Options for Sensor Cleaning


Today’s Question: How can you tell if dust spots are on the sensor or on the lens? For sensor dust, how effective is the in-camera cleaning? Is the dust mapping feature useful? And should I consider cleaning the sensor myself or leave that to the professionals?

Tim’s Quick Answer: If you actually see a dust spot in a photo, it is most likely something on the sensor. In-camera sensor cleaning is helpful for basic dust, but won’t resolve all issues. I don’t consider the dust-mapping feature particularly helpful. Instead, I recommend cleaning the sensor yourself if you’re comfortable, or sending the camera in for a professional cleaning if you’re nervous about doing it yourself.

More Detail: When you see a clear dust spot in a photo, it is typically a clear indication that the image sensor on the camera needs some attention. If the dust is on the lens it will most likely not be visible in the photo at all. If it is, it will more often than not appear as an out-of-focus blemish that is darker or brighter than the surrounding area. For example, if there is dust on the lens and you photograph into the sun, those dust spots will create bright areas similar to lens flare.

For a blemish on the image sensor, especially if the lens aperture is closed down to a relatively small size (large f-number), the dust spot in the photo will look relatively crisp and dark (since it is blocking light from getting to the sensor).

The in-camera sensor cleaning can help remove dust that hasn’t gotten too stuck to the sensor yet, such as dry bits of dust that are mostly being held on by static. To assist with this type of dust issue I do recommend enabling the automatic in-camera sensor cleaning, which will generally run whenever the camera is turned off.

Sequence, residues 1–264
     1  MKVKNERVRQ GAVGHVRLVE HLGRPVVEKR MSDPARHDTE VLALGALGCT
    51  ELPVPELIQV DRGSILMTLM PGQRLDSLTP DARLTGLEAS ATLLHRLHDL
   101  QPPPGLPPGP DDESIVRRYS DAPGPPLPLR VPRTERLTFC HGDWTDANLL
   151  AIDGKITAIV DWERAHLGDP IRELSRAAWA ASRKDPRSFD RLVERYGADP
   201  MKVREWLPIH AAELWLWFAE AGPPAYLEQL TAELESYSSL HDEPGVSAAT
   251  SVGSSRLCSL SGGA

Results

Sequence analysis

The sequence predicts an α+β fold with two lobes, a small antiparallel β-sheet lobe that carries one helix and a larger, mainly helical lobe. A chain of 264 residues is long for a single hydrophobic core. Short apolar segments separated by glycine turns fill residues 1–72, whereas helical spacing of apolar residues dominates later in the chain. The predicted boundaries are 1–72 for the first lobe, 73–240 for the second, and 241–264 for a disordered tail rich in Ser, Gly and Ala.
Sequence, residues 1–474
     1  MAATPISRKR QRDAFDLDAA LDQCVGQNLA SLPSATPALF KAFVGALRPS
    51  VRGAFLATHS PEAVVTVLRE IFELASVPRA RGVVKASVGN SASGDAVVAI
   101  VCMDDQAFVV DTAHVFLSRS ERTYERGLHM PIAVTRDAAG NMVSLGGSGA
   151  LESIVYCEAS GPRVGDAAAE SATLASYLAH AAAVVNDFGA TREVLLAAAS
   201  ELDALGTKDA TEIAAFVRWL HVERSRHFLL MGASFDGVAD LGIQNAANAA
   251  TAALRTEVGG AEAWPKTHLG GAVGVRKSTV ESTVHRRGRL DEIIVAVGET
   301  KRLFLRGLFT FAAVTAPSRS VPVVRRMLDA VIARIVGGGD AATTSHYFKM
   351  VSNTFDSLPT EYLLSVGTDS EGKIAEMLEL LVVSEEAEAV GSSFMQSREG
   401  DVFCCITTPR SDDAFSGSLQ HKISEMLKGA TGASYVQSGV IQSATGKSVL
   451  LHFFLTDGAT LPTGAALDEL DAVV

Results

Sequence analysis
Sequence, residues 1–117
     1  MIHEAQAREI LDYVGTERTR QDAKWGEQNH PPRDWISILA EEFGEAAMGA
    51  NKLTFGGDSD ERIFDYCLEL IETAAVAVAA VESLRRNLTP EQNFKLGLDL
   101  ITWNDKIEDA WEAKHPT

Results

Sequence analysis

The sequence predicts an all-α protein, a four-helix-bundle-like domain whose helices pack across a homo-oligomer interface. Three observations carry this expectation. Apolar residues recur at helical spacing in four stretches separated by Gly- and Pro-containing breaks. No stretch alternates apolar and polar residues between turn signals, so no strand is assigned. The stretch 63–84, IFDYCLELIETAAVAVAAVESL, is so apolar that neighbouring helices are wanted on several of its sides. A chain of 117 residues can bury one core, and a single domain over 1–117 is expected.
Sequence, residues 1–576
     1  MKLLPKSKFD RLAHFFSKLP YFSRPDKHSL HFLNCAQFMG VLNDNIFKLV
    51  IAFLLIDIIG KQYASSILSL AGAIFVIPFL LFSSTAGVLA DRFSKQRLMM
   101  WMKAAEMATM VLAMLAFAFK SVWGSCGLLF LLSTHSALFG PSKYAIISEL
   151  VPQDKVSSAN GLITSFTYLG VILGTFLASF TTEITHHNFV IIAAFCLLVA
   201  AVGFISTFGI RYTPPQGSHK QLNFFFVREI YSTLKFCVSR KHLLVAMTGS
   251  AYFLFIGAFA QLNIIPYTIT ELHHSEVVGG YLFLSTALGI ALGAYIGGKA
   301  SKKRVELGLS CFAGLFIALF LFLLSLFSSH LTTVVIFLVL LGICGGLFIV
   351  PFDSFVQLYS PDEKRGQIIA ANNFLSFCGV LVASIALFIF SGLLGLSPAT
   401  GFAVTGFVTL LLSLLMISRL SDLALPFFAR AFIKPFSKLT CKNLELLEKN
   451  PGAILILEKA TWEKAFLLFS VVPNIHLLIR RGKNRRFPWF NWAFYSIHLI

However, for dust that has combined with moisture to get stuck to the image sensor, the in-camera cleaning will likely be ineffective. In this situation the sensor needs to be cleaned directly.

If you’re comfortable performing this relatively delicate work yourself, it isn’t too difficult. However, cleaning your own sensor may void your camera’s warranty, and there is obviously a risk that you might damage some of the delicate components in your camera.

If you are comfortable cleaning your own sensor, I recommend the swabs and solution from VisibleDust (https://timgrey.me/visibledust). I use the kit that includes several swabs, the cleaning solution, and a sensor brush. Just be sure to select the correct size for your specific camera, and review some of the videos and other details published by VisibleDust to ensure you’re using the right technique when cleaning the sensor.

When cleaning the sensor yourself you want to use only a very small amount of the cleaning solution, and you should only use the swab with one swipe in each direction before discarding the swab. If that doesn’t resolve the spots on the sensor, use a clean swab to try again.

You can find the VisibleDust sensor cleaning package here, but again be sure to select the correct size for your specific sensor size:


And if cleaning the sensor yourself makes you nervous, you can send the camera in to the camera manufacturer or a company that specializes in cleaning camera sensors so that you don’t have to risk damaging your camera.